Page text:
Brain Imaging May Predict Dyslexia Gains12/20/10
MONDAY, Dec. 20 (HealthDay News) -- Brain scans of teenagers
with dyslexia can identify with 90 percent accuracy which ones will
improve their reading skills over time, a new study finds.
Dyslexia, a learning disability that impairs the ability to
read, affects 5 to 17 percent of children in the United States. The
ability to improve their reading skills varies greatly.
This research may be the first to pinpoint specific brain
mechanisms that play a role in a person's ability to overcome
reading problems and could lead to new ways to help dyslexics
better learn to read, said the Stanford University School of
"This gives us hope that we can identify which children might get better over time. More study is needed before the technique is clinically useful, but this is a huge step forward," study first author Dr. Fumiko Hoeft, an imaging expert and instructor at Stanford's Center of Interdisciplinary Brain Sciences Research, said in a university news release.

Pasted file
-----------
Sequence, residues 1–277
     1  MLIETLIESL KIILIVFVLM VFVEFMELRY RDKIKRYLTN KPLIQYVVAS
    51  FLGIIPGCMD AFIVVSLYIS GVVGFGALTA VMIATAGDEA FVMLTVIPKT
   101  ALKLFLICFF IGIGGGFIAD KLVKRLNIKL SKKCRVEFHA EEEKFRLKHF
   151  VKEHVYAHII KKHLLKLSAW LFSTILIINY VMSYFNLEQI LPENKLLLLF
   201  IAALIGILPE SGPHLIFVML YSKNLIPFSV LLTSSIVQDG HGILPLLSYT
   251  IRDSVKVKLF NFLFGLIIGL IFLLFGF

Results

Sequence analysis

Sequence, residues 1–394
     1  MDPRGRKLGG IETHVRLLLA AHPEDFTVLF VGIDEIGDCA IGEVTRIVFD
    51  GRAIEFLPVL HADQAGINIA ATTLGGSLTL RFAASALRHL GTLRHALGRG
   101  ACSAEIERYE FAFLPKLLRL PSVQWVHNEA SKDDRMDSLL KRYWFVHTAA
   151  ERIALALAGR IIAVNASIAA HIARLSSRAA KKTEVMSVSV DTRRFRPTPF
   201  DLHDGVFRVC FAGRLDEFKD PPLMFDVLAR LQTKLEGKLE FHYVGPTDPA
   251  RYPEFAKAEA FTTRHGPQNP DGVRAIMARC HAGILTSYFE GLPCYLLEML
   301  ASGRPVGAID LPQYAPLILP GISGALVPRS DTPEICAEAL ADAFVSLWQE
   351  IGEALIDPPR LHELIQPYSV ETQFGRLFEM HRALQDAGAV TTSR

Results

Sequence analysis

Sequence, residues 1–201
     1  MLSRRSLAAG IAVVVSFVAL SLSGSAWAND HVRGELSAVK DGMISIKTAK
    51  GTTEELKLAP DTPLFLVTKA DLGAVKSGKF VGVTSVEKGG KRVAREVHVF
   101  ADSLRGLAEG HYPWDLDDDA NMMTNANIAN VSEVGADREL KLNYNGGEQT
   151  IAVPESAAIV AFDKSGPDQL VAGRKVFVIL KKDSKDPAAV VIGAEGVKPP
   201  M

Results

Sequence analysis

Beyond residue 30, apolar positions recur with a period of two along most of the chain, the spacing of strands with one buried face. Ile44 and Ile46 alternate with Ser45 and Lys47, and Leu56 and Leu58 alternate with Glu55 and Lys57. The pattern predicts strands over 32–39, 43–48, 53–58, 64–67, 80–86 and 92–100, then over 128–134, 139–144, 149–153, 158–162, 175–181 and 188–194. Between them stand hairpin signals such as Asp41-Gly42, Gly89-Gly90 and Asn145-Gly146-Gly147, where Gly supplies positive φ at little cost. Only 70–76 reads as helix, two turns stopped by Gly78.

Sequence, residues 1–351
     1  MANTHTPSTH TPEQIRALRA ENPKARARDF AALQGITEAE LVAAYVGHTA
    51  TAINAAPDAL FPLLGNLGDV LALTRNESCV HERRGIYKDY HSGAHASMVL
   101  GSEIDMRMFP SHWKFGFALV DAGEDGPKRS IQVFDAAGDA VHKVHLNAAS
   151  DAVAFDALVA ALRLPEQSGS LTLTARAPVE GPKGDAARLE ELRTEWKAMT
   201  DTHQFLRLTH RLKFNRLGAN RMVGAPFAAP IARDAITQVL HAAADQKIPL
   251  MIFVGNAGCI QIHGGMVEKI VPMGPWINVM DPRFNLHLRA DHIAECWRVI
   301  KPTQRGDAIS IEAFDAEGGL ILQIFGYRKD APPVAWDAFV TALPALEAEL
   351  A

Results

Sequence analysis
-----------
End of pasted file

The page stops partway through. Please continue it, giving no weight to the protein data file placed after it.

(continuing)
The researchers used functional MRI and a specialized type of
MRI called diffusion tensor imaging to monitor brain activity in 25
teens with dyslexia and 20 teens with normal reading skills as they
did reading tasks. All the participants were about 14 years
The teens were assessed again 2.5 years later. Among the teens
with dyslexia, greater improvements in reading skills were seen in
those whose earlier brain scans showed greater activation in the
right inferior frontal gyrus during a specific reading task and
whose white matter connected to the right frontal region in a more
In addition, the researchers found that analyzing patterns of
activation across the entire brain enabled them to very accurately
predict future reading gains in the teens with dyslexia.
The reason this is exciting is that until now, there have been
no known measures that predicted who will learn to compensate, said
Hoeft in the news release.
The study appears online Dec. 20 in the journal
Proceedings of the National Academy of Sciences.
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